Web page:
Cardiac myosin binding protein-C phosphorylation plays an important role in modulating cardiac muscle function and accelerating contraction. It has been proposed that Ser282 phosphorylation may serve as a critical molecular switch that regulates the phosphorylation of neighbouring Ser273 and Ser302 residues, and thereby govern myofilament contractile acceleration in response to protein kinase A (PKA). Therefore, to determine the regulatory roles of Ser282 we generated a transgenic (TG) mouse model expressing cardiac myosin binding protein-C with a non-phosphorylatable Ser282 (i.e. serine to alanine substitution, TG(S282A)). Myofibrils isolated from TG(S282A) hearts displayed robust PKA-mediated phosphorylation of Ser273 and Ser302, and the increase in phosphorylation was identical to TG wild-type (TG(WT)) controls. No signs of pathological cardiac hypertrophy were detected in TG(S282A) hearts by either histological examination of cardiac sections or echocardiography. Baseline fractional shortening, ejection fraction, isovolumic relaxation time, rate of pressure development and rate of relaxation (τ) were unaltered in TG(S282A) mice. However, the increase in cardiac contractility as well as the acceleration of pressure development observed in response to β-adrenergic stimulation was attenuated in TG(S282A) mice. In agreement with our in vivo data, in vitro force measurements revealed that PKA-mediated acceleration of cross-bridge kinetics in TG(S282A) myocardium was significantly attenuated compared to TG(WT) myocardium. Taken together, our data suggest that while Ser282 phosphorylation does not regulate the phosphorylation of neighbouring Ser residues and basal cardiac function, full acceleration of cross-bridge kinetics and left ventricular pressure development cannot be achieved in its absence.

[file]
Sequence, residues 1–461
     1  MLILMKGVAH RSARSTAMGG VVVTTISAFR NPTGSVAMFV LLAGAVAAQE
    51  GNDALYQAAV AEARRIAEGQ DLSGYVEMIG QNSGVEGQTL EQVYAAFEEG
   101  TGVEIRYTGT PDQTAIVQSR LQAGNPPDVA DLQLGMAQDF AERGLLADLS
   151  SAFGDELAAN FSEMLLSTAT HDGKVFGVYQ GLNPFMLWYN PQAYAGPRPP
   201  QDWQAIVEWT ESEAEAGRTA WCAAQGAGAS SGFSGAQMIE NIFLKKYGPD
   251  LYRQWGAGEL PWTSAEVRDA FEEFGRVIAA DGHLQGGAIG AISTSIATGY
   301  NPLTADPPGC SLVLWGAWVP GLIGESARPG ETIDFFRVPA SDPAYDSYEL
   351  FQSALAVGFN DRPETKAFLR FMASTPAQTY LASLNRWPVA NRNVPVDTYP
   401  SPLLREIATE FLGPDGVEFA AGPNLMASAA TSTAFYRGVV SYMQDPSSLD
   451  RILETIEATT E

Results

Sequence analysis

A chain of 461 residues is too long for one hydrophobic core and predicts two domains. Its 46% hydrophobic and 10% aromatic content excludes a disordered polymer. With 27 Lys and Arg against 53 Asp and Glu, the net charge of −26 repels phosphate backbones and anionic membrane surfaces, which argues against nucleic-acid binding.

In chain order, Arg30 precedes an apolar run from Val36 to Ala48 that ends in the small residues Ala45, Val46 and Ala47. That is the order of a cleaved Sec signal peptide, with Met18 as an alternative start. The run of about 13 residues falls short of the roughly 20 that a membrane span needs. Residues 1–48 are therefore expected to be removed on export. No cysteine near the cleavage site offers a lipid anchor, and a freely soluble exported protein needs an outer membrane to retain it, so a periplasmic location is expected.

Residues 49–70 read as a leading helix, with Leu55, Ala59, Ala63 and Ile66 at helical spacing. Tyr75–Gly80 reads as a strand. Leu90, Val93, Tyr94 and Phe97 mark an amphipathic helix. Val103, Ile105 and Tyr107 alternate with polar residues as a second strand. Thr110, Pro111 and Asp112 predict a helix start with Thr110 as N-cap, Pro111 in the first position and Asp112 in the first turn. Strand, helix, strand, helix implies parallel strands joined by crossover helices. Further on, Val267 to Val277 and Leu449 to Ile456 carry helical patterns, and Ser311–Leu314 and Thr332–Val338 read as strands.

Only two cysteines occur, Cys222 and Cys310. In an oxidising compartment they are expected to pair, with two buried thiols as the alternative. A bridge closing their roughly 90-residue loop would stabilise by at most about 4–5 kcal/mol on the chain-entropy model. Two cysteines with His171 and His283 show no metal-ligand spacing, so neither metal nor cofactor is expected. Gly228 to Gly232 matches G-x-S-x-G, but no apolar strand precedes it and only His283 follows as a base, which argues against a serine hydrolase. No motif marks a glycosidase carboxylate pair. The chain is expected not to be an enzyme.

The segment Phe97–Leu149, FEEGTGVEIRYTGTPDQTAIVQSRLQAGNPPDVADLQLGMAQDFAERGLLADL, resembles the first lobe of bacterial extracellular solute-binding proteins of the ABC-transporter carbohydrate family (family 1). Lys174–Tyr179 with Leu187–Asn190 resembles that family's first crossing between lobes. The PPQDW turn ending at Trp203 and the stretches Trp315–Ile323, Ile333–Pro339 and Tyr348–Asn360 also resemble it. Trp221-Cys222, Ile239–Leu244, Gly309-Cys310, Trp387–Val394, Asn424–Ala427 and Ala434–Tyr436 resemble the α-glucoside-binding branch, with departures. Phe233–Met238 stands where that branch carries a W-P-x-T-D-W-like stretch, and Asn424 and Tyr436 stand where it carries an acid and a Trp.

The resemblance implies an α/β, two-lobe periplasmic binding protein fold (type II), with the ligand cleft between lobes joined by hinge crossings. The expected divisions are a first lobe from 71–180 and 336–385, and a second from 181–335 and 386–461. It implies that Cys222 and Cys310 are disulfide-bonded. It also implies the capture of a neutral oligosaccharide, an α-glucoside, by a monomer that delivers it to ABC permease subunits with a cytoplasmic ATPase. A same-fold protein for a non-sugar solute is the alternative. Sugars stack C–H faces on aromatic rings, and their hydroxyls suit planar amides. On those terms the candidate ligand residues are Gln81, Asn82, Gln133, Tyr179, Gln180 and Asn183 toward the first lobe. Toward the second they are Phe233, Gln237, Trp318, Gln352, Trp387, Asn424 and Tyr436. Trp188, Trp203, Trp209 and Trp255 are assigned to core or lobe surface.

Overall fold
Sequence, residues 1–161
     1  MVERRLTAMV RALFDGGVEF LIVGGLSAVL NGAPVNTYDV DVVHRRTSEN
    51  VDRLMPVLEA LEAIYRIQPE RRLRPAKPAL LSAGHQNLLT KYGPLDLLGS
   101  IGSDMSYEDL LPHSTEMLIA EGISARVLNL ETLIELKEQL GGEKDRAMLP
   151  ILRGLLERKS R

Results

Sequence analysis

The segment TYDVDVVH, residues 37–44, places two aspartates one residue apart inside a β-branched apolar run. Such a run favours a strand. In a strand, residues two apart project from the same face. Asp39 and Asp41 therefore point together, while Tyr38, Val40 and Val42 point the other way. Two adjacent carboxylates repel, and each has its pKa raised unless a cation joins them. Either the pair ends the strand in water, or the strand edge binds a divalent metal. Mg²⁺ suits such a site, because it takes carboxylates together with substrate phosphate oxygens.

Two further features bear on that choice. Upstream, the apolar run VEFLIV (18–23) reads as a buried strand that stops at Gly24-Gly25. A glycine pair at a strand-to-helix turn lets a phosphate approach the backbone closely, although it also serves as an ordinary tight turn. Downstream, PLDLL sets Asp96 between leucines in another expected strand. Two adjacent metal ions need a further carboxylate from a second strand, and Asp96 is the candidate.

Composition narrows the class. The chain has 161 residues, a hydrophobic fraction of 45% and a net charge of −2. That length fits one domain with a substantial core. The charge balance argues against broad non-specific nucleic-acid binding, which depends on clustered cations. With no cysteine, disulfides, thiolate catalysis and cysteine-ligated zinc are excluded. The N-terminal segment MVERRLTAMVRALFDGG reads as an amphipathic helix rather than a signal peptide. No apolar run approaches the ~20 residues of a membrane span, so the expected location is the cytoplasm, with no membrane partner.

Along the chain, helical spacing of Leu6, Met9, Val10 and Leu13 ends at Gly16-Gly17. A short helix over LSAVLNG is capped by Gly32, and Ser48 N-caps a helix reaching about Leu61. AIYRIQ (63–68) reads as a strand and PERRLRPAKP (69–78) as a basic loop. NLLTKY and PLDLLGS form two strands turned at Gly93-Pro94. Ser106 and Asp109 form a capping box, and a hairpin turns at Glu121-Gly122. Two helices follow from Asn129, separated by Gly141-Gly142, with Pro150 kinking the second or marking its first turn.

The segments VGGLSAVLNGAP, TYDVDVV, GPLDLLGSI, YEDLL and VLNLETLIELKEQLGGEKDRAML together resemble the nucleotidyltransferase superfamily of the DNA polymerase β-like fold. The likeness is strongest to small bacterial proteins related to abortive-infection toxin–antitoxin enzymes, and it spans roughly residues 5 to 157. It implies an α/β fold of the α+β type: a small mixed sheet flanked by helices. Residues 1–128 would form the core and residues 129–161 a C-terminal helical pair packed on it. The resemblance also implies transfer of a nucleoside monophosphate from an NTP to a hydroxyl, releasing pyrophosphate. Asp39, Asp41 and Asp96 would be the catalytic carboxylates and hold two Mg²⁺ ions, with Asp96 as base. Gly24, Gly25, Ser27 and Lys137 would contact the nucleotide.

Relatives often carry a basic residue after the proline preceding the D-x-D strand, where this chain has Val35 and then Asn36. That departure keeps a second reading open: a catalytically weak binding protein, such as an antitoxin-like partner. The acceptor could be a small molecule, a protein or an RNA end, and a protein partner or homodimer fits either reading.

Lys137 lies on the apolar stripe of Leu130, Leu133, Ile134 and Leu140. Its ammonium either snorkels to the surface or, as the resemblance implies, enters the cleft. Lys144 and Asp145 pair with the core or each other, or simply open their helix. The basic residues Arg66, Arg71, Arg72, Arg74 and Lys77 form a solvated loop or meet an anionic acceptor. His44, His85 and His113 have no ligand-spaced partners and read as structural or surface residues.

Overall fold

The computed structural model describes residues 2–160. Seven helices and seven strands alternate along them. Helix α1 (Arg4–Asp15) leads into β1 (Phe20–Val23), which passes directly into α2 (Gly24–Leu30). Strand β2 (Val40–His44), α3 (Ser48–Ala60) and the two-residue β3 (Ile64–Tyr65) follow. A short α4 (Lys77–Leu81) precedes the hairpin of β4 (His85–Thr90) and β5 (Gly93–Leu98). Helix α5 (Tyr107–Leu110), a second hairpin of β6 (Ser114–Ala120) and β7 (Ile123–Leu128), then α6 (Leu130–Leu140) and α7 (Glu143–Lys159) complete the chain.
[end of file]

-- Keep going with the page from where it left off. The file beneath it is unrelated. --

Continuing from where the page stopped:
© 2014 The Authors. The Journal of Physiology © 2014 The Physiological Society.